Jack Pearadin and Doug Nelsen found a 1.73-carat diamond after nearly a year of searching the park's field.
The other day, I was surfing around online (okay, I might have been Googling my name to see who's been talking smack about me), when I ran across a post on Rex Nelson's Southern Fried Blog about the destruction of the Georgetown One Stop during the Biblical-grade flooding on the White River last spring.
My heart sank. As you well know if you know me, or if you've read Arkansas Times food reviews for any length of time, I gush over the fried catfish at Georgetown One Stop — a former gas station on the banks of the White River which I was turned on to by my friend and White County native Lindsey Millar — every chance I get. Not to get too grandiose, but I consider the fish there to be a gift from a kind and loving Creator, who wants good things for all mankind. There simply is no better fish in the state in my estimation, and the thought that all that might have been wiped off the planet by a deluge was a thought too great to bear.
Just before resolving to commit ritual seppuku with my knife and fork, I gave the One Stop a call. Imagine my relief when owner JoAnn Taylor picked up the phone, and confirmed the place is open for business once again.
Taylor said that water has gotten close to the door of the One Stop before, but never this high. During the spring floods last year, she said, the White River surged over its banks and drowned the restaurant and most of the town three and a half feet deep. The water then proceeded to sit there for three weeks, floating the refrigerator, ruining the stove, the heater, the air conditioner and all the other appliances. When the river finally withdrew, Taylor said, the floor was covered in a layer of muck and thousands of nightcrawlers.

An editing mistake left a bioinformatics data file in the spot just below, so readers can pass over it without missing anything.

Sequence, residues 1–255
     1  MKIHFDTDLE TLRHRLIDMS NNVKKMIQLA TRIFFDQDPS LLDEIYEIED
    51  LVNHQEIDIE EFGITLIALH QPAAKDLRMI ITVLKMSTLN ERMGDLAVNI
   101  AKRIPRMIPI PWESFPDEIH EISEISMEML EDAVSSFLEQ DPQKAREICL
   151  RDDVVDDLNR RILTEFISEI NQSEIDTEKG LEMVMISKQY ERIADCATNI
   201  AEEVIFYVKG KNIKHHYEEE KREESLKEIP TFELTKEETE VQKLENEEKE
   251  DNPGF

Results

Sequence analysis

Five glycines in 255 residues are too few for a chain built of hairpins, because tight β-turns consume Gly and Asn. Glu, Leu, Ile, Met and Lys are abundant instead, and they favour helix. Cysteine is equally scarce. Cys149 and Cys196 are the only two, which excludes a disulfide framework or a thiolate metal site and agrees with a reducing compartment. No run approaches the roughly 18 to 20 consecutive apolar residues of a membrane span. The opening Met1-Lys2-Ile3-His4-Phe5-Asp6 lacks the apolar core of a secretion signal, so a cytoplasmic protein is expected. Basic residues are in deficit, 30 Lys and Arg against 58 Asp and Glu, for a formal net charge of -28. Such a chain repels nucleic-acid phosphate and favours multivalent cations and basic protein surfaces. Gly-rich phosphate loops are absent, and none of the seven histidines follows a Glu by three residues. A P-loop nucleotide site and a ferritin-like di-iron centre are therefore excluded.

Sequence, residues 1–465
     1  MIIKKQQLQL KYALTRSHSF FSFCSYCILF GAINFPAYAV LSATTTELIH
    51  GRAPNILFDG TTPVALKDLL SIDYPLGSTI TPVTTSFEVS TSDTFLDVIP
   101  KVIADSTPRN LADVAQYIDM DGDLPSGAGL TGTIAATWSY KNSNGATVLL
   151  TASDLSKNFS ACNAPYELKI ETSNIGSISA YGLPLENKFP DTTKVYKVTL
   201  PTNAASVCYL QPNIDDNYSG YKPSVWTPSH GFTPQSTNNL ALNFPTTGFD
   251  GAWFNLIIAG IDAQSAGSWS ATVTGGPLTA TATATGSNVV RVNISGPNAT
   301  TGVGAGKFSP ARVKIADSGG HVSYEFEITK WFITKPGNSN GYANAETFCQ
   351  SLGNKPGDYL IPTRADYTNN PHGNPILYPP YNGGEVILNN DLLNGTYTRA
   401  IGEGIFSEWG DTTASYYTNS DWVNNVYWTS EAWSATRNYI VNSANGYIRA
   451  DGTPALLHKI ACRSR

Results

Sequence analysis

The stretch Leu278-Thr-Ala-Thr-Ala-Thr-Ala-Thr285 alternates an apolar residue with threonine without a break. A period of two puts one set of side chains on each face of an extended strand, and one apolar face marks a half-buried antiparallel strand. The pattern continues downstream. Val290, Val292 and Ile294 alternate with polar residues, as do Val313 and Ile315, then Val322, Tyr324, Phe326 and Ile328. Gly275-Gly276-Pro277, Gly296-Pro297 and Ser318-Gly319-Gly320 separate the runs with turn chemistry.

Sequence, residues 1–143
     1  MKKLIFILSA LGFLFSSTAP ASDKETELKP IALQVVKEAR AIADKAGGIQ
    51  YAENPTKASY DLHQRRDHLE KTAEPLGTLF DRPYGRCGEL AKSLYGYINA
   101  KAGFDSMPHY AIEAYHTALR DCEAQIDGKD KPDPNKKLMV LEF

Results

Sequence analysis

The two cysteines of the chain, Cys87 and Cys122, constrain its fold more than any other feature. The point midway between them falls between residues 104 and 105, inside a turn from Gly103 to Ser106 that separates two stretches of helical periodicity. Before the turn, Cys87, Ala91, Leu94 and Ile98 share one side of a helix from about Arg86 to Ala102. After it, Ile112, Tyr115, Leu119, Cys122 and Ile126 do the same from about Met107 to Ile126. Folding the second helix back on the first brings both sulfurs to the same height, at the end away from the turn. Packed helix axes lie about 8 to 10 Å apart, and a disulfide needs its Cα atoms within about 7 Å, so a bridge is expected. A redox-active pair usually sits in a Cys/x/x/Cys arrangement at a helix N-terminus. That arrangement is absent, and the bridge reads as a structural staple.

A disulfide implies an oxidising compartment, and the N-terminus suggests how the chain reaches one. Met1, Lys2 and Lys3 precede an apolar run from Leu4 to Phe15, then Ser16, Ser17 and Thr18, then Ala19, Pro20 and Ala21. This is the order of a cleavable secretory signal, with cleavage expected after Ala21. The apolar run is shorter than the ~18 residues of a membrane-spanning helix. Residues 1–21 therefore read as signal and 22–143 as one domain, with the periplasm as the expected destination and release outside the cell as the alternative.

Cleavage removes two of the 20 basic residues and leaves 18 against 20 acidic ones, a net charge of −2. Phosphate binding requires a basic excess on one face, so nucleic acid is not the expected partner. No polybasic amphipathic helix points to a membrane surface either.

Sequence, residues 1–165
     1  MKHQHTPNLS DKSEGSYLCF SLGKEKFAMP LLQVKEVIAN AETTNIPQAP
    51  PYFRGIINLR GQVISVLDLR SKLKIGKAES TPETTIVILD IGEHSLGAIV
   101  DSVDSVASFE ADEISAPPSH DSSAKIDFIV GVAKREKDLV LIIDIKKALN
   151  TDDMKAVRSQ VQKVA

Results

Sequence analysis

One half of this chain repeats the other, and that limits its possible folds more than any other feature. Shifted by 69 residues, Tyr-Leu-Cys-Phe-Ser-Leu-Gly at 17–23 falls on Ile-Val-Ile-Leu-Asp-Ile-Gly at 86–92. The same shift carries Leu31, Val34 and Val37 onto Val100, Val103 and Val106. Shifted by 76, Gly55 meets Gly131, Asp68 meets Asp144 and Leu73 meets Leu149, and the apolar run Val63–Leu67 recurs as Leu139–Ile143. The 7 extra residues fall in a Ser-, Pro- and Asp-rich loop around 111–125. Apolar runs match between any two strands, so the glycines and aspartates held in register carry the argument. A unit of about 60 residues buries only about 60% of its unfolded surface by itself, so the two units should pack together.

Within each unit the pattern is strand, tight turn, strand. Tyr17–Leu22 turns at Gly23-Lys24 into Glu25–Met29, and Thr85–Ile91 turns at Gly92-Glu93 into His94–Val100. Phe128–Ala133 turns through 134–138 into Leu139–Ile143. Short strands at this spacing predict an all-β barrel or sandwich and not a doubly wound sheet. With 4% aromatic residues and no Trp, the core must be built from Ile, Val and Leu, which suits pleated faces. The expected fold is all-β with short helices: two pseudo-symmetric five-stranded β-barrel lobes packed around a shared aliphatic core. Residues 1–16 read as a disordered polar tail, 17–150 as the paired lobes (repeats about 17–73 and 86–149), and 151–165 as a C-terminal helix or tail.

"I wasn't going to reopen," she said. "I just thought it was one of those things that was kind of disastrous."
Then a funny thing happened. As if drawn by the miraculous, life-affirming power of fried catfish — in a scene I imagine as a fatter, more french-fry-scented version of the ending of "Field of Dreams" — local diners who love the One Stop came out of the woodwork to help rebuild it. "The people in town and some of the churches in Searcy just came down and started knocking out the walls," Taylor said, "getting the bleach out and saving everything — rebuilding things. They just did it voluntarily... I think they wanted it to stay so they could come down and eat fish."
After a slew of donations and four months of demolition and rebuilding work, the One Stop re-opened last summer. Taylor said they've been so busy since then that they haven't had a chance to repaint the concrete floors. A bucket of high-dollar epoxy coating donated by the local Sherwin-Williams outlet still sits in the back, waiting for business to slow down enough for them to have time to do something with it.
For my part, I hope those damn floors never do get painted.
GEORGETOWN ONE STOP
209 N Main St
Phone: (501) 742-3781
Hours: Thu-Sat 10 am - 8 pm (Note: call ahead. If fisherman aren't fishing the White River, the One Stop will be closed)